The hypocrisy of the Catholic Church

Last Sunday the Catholic Church took out a full-page ad in theOregonian to “remind Catholics that abortion, homosexuality andsame-sex marriage are incompatible with receiving Holy Communion” -not just the acts themselves, but also any support of them.

John Kerry, a Catholic to whom some bishops have said they woulddeny Communion, had a brilliant moment in the third presidentialdebate that went completely unreported. Kerry noted his faith, andthat his personal position was in line with his church’s teachings.However, as a legislator, he felt it would be wrong to impose hismorality on others who did not share his faith.

How utterly American! What a divine example of the separationbetween church and state! And how hellish that the Catholic Churchis now trying to sway its flock from voting for him, because hewon’t run the country according to their rules!

According to the full-page ad, Catholic moral doctrine respectsthe “rightful autonomy of the political or civil sphere from thatof religion and the church – but not from morality.”

By stating this, they are implying that the church has ahands-off policy towards politicians, yet still can call them totask when they are not being moral. But this “morality” is definedby church teaching and not individual conscience.

They boldly assert at another part of the advertisement,”Conscience is not the source of morality. The objective norm ofmorality is God’s law known to us through our rational nature anddivine revelation,” i.e. the Bible and the Catholic Church’sinterpretation of it, not yours.

Comparing these two quotes shows the hypocrisy they areusing to justify their call to political action. They state firstthat they are not doing this for political gain because thewithholding of Communion is based on moral grounds, not churchdoctrine. However, morality is based on church doctrine. You can’tfigure it out for yourself.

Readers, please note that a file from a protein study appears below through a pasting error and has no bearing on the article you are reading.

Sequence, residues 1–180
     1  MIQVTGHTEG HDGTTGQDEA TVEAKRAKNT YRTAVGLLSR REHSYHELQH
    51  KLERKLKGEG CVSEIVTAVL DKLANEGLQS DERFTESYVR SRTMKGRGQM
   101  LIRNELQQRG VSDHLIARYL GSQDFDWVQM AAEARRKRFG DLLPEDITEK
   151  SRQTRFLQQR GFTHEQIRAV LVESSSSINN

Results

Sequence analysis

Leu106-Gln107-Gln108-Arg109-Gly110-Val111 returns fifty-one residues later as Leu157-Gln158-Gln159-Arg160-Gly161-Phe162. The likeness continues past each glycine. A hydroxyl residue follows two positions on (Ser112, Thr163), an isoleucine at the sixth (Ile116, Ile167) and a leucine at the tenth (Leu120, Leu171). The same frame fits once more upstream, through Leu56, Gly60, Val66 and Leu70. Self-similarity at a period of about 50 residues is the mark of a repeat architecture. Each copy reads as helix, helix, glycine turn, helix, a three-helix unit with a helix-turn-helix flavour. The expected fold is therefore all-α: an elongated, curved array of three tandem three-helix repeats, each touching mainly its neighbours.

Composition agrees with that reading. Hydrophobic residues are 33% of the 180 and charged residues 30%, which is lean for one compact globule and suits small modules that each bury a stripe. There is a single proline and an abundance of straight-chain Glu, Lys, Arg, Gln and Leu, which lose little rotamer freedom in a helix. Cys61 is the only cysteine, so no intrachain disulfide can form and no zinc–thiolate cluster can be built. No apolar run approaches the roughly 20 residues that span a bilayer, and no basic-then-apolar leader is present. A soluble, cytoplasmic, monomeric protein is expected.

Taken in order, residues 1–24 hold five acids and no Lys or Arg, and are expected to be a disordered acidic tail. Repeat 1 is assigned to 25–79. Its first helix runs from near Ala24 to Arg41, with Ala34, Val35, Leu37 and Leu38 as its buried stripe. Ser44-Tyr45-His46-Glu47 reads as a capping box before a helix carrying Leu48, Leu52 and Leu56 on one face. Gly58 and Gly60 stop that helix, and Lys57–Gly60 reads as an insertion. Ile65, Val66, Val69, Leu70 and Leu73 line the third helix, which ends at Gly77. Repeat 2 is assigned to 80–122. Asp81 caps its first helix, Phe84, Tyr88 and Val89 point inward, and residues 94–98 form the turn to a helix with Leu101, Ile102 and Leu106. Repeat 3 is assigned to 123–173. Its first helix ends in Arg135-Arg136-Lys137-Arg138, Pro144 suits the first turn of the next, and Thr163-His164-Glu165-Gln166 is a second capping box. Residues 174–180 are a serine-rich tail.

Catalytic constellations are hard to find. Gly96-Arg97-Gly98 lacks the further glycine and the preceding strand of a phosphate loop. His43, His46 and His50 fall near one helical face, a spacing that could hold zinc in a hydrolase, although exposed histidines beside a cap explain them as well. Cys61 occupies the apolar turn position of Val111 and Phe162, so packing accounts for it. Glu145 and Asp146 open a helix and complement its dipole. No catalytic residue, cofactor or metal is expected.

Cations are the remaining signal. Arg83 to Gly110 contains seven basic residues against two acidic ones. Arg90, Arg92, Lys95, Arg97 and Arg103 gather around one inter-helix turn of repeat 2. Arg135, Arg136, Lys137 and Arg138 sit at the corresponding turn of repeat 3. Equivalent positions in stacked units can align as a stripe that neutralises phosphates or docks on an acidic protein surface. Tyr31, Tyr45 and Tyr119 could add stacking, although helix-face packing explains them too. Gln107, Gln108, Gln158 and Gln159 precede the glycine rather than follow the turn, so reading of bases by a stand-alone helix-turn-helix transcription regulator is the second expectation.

Any first year philosophy student can tell you that thisargument does not work. It is using contradictory premises to reachtwo contradictory conclusions.

Now examine this argument: “Liberal voices argue that it isunfair to deny Holy Communion to Catholics in favor of abortion andhomosexuality and not to Catholics in favor of the death penalty orthe war on terror. However, this is not a valid comparison. TheChurch has always and everywhere taught that abortion,homosexuality and euthanasia are intrinsically evil. It does notteach the same regarding the death penalty or just war.”

This is not an argument, it is a restatement of faulty premises.It ignores the thrust of the liberal argument, that it ishypocritical to view abortion as evil and execution as just. Ifevery life is sacred shouldn’t this be the case?

Instead of addressing this argument, the Catholic Church saysthat because it teaches one thing is good and another evil, theyare. It offers no rationalization for its decision.

This lack of rationalization characterizes the church’s blatantpropaganda. Their attempt to intimidate voters into votingaccording to the Catholic organization’s preference is coercion. Ifany other organization attempted this, they would be in court.

But the church is immune from such things, they say, becausethey are not trying to make people vote one way or another, it issimply informing them that their souls will burn for all eternityif they vote against its wishes. But, coming from a group of menwho cover up for perverts who sexually abuse altar boys, who can besurprised?